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INSIDE MUSIC: Hit Songs Inspired by Dreams
By Rosemary Conte
originally published: 02/26/2018
Don’t discount the value of dreams to your conscious life – and livelihood. Dreams have served Billy Joel, Paul McCartney, Johnny Cash, David Bowie, Jimi Hendrix, Taylor Swift, and hundreds of other songwriters well.
In a Psychology Today interview, Billy Joel tells that as he was sleep walking -- in a dream within a dream -- he heard the song that became his 1994 hit and Grammy nominated Song of the Year, “The River of Dreams.” Sometimes dreams are forgotten the moment we wake up. Joel says he often gets song ideas in his dreams and struggles to remember them. “The River of Dreams,” however, was an ear worm; it wouldn’t go away. “I tried NOT to write it.” He even questioned that he, an atheist, should write it.
On a The Howard Stern Show Joel said, “I thought, who the hell am I to try to pull off this gospel song, so I took a shower to wash the song away. But as I sang it in the shower I knew I had to write it down.” The biblical imagery in “The River of Dreams” references Psalm 23:4, “Though I walk through the valley of the shadow of death, I will fear no evil.” And in the song there are images of people being baptized in the water. The phrase “river of dreams” is a play on the phrase “stream of consciousness.”
Dreams come from our deeper minds, referred to as the subconscious or unconscious state where we are mind only -- higher mind -- as the body is left dormant, waiting for the spirit re-entry when the alarm clock rings. Just look at the word inspiration…and you see in spirit. John Lennon’s “#9 Dream” came to him via such inspiration.
Last Mother’s Day, I performed “Let It Be” for Unity by the Shore’s Mother’s Day service. I prefaced the performance with a story I heard McCartney tell and that I love. He said that growing up, when he had problems worrying him, his mother would tell him to “let it go,” and that if he took his mind away from the problem, the solution would reveal itself.
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“I was going through a really difficult time around the autumn of 1968,” said McCartney. “The Beatles began making the White Album and were starting to have problems. I sensed we were breaking up… and I was staying up too late at night, drinking, doing drugs, clubbing…and in the back of my mind was the thought that it was about time I found someone. It was before I got together with Linda.
“ I was exhausted! Then one night, I had the most comforting dream about my mother who died when I was only 14. She was a hard working nurse and a very comforting presence in my life. And it was difficult…that as the years went by, I couldn’t recall her face so easily. So in this dream 12 years later, my mother appeared, and there was her face, completely clear, particularly her eyes. And she said to me very gently, very reassuringly, ‘Let it be.’ It was lovely.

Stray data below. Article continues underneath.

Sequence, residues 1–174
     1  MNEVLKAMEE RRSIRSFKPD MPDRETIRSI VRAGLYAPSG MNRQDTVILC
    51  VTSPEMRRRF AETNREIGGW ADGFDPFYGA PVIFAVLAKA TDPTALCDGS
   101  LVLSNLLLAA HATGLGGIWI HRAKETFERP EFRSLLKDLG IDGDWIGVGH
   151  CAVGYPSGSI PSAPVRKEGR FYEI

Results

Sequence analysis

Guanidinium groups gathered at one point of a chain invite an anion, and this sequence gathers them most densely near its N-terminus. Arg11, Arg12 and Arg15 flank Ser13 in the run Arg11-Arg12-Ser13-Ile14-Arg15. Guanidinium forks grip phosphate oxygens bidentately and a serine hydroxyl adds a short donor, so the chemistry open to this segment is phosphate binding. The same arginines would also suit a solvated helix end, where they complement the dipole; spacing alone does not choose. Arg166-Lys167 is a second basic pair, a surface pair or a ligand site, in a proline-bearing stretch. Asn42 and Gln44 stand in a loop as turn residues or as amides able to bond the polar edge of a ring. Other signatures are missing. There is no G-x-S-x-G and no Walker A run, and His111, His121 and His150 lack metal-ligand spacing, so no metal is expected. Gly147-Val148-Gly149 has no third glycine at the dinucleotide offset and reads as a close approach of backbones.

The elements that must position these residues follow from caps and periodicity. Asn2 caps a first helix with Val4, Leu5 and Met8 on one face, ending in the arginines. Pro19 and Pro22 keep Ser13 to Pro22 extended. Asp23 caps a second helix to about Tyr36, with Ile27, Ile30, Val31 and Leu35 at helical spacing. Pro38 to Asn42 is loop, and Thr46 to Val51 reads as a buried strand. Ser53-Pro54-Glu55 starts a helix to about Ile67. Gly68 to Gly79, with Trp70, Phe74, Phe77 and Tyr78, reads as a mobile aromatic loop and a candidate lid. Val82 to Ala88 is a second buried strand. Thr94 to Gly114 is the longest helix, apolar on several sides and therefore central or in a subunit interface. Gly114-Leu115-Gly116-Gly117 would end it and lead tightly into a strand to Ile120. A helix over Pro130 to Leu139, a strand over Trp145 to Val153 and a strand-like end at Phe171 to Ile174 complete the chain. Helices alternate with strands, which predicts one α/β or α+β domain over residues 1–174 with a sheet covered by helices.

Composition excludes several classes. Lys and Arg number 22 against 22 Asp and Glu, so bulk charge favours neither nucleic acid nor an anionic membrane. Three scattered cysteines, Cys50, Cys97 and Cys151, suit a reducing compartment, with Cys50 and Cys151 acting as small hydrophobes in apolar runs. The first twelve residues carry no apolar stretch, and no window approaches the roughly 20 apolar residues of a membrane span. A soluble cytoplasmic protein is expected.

“I woke up with a great feeling. It was really like she had visited me at this very difficult point in my life and gave me this message: Be gentle, don’t fight things. Just try and go with the flow and it all will work out. ‘The answer will come.’ I went to the piano and started writing: ‘When I find myself in times of trouble, Mother Mary comes to me’-- Mary was my mother’s name -- ‘Speaking words of wisdom, Let It Be. There will be an answer, Let It Be.’
“Those three little syllables had so much value to me. And when something happens like that (dream inspired) as if by magic, I think it has a resonance that other people notice, too. Not very long after the dream, I got together with Linda, which was the saving of me. Later though, the song became more like a hymn and we sang it at Linda’s memorial service.”
Trust your dreams. “They come to serve your health and wholeness,” teaches Rev. Dr. Jeremy Taylor, known by many for his timeless book on dreams, Where People Fly and Water Runs Uphill. You can learn to interpret the symbolism in your dreams. Therein, may be your next great idea, a song, or your invention that will help the world.
It’s a good idea to keep a notebook and pen next to your bed so that immediately upon awakening you can write your dream…and if you recall only snippets or a word or two, they would be the most significant pieces of the dream that you can chew on.
Rosemary Conte is a singer, voice teacher, and freelance writer. She coaches people on how to get started in music and in interpreting dreams.
Her column appears here monthly. Contact Rosemary to learn how you or your business can become a sponsor of her monthly Inside Music column with a text box in the column announcing your support. Or, consider buying an ad to appear in Rosemary’s column at a discounted rate. Details at RConte9@verizon.net or call 732-583-4959.
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